The night of July 2, 2011, was a wild one for Cynthia Lou Rudd and Edward John Kakos as the dating couple drove their van from Ventura County, where they stole $100 worth of gas, southbound to Orange County for the national holiday.
Phoenix-native Rudd, the 53-year-old driver with a history of drunk driving, was intoxicated and high on methamphetamine, and Kakos, a 57-year-old serial counterfeiter with a heavy rap sheet and four prison trips, was eagerly plotting ways to pass fake money in Newport Beach.
But, according to a U.S. Secret Service investigatory report obtained by the Weekly, the party ended when Rudd began driving erratically, missed the 55-freeway to Newport Beach, continued south on the 405, struck another vehicle near the I-5 at Oso Parkway and crashed.
Inside the Mission Viejo Medical Center's emergency room,
hospital staff performed a routine accounting of the couple's valuables, found a suspicious $3,265 in a black
purse and notified California Highway Patrol (CHP) officers who handled the crash.
CHP officers contacted the Santa Ana bureau of the Secret Service,
which determined that the pair carried 58 poor quality, fake bills
(mostly $100s) that had been created by an inkjet printing technique
using a laptop computer.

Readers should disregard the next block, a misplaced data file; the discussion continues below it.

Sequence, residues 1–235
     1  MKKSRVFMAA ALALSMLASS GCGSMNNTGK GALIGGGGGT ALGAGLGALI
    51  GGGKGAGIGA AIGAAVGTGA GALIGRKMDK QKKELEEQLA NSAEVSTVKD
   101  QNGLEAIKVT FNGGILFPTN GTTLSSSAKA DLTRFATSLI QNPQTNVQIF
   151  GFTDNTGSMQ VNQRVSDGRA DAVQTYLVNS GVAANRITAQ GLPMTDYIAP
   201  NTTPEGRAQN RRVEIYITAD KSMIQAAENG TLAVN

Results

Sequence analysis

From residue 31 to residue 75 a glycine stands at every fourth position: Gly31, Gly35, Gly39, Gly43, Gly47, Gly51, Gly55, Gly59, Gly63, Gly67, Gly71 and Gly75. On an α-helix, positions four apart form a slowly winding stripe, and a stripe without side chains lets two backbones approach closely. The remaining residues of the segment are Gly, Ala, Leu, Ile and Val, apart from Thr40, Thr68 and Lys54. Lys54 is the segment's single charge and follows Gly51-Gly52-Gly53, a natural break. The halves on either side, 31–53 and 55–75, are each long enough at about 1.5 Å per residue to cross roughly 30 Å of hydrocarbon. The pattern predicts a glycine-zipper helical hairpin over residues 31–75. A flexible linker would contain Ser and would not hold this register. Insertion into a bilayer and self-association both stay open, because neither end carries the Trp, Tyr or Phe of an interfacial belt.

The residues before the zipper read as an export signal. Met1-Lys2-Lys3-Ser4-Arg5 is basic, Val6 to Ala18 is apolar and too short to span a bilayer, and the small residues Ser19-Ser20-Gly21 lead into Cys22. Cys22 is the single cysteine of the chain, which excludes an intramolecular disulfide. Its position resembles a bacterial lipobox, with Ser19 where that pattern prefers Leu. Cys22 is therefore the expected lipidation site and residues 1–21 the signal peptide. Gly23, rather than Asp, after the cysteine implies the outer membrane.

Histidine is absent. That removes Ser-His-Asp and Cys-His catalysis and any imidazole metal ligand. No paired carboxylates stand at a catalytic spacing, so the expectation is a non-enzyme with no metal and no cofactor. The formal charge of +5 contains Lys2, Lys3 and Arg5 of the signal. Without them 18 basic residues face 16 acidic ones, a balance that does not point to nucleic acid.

All of the bogus currency lacked the U.S. Treasury Department's security features including color shifting ink and genuine watermark, according to the Secret Service report.
Rudd and Kakos initially pleaded not guilty, eventually changed pleas and this month learned their punishments. Though she faced up to seven months in prison, Federal Judge John F. Walter followed
the wishes of prosecutors and gave Rudd a term of time served awaiting
In Kakos' case, prosecutors sought a 36-month prison term.
Walter, however, ordered him confined for 30 months. When he's released,
federal probation officials can test him for illegal drug use up to
eight times per month.
But there's little doubt we'll hear from Kakos again. He just can't help himself. Just two months after his OC arrest, he was caught possessing fake $100s in Napa.
R. Scott Moxley’s award-winning investigative journalism has touched nerves for two decades. An angry congressman threatened to break Moxley’s knee caps. A dirty sheriff promised his critical reporting was irrelevant and then landed in prison. The U.S. House of Representatives debated his work. Federal prosecutors credited his stories for the arrest of a doctor who sold fake medicine to dying patients. Moxley has won Journalist of the Year honors at the Los Angeles Press Club; been named Distinguished Journalist of the Year by the LA Society of Professional Journalists; and hailed by two New York Times Magazine writers for his “herculean job” exposing Southern California law enforcement corruption.